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‘Nemo’ resonates in 3-D

Pixar's 2003 release 'Finding Nemo' starring Albert Brooks as father clownfish MarlAlexander Gould as Nemo is being re-released 3-D.

Pixar's 2003 release "Finding Nemo," starring Albert Brooks as father clownfish Marlin and Alexander Gould as Nemo, is being re-released in 3-D.

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‘FINDING NEMO 3-D’ ★★★★

Voices of: Albert Brooks, Alexander Gould. Ellen DeGeneres, Willem Dafoe, Andrew Stanton, Geoffrey Rush and Nicholas Bird.

Rating: G for general audiences.

Length: 1 hr., 40 min.

Updated: October 15, 2012 9:18AM



‘Finding Nemo” (2003), Pixar’s best animated feature Oscar winner, is an ideal choice for a 3-D re-release. Its Pacific Ocean setting is majestic, immersive, not intrusive, in evoking the vast sweep of the water and bringing us into the world of the tiny fish characters. Digital and stop-motion animation give 3-D technicians more options and control in adapting the original material than live-action or hand-drawn animation. (That’s why the highlight of the recent 3-D re-release of “Beauty and the Beast” was the ballroom scene, one of the earliest uses of digital technology in a hand-drawn animated feature.) Here they are brilliantly used to evoke the story’s emotional experience. As Marlin, the little clownfish (voice of Albert Brooks) looks for his young son, Nemo (Alexander Gould), we feel the bleakness of the ocean’s overwhelming size and power. And when Nemo is captured, we experience the claustrophobia of the small aquarium.

It makes even more compelling what is still my all-time favorite Pixar film. In the tradition and spirit of stories from The Odyssey to “The Wizard of Oz,” it is the story of a journey that will introduce travelers to extraordinary characters and teach them a great deal about the world and even more about themselves.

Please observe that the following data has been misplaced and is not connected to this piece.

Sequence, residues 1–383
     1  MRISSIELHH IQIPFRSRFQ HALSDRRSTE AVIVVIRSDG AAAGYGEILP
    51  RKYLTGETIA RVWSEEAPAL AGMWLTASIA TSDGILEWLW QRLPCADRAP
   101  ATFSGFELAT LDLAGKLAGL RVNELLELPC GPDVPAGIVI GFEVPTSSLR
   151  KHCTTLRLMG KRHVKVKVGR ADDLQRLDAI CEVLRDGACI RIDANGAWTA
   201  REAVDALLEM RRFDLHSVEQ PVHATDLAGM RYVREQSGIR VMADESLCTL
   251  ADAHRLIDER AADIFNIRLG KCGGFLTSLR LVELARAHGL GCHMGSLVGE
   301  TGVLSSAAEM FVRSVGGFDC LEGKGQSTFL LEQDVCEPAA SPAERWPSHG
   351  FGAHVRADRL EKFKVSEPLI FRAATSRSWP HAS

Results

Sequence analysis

Marlin is a fond but nervous and overprotective father who lives with his son in an anemone off the Great Barrier Reef near Queensland, Australia. On the first day of school, Nemo is excited, but Marlin is very fearful. When he orders his son not to swim too far away, Nemo, angry and embarrassed, impetuously swims toward the surface and is captured by a scuba-diving dentist from Sydney who wants to give Nemo to his young niece as a birthday gift.

Marlin is determined to get Nemo back. But that means he must overcome his fears. He has some help from Dory (Ellen DeGeneres), a cheerful blue tang who has short-term memory loss. They search for Nemo together, despite stinging jellyfish, exploding mines and creatures with many, many, many teeth.

The visuals are dazzling, from the play of light on the water to the vivid variety of creatures guaranteed to make an ichthyologist out of anyone. While preserving their essential “fishy-ness,” Pixar and the voice actors have also made the creatures irresistibly engaging. Filled with heart and wisdom, the adventures expertly balance thrills and wit.

It is unusual, especially in a family film, to find a character with a disability, especially one who is neither a saint or consumed with learning important lessons in the process. “Finding Nemo” has three characters with disabilities (Nemo has an underdeveloped fin, Dory has memory impairment, and Gill, a fish voiced by Willem Dafoe, has scars and an injured fin). All are just accepted as part of who they are.

Even better, “Nemo” is a film without a real villain. No one acts out of malice or jealousy or greed. The dentist and his young niece are clumsy and clueless, but not wicked. Even the sharks are vegetarians.

A nice bonus is an adorable new “Toy Story” short with Rex the dinosaur, challenged to get into the party spirit, turns a bubble bath into a rave — though parents may want to talk to kids about not succumbing to peer pressure.

It’s a pure pleasure to see this spectacularly beautiful film back on the big screen to appreciate fully every jewel-like color, and every detail of fin, feather, plankton, shell, current and sunken ship. But what matters most here is the story, an epic journey filled with adventure and discovery encompassing the grandest sweep of the ocean and the smallest longing of the heart.

Nell Minow is critic at large
for beliefnet.com.



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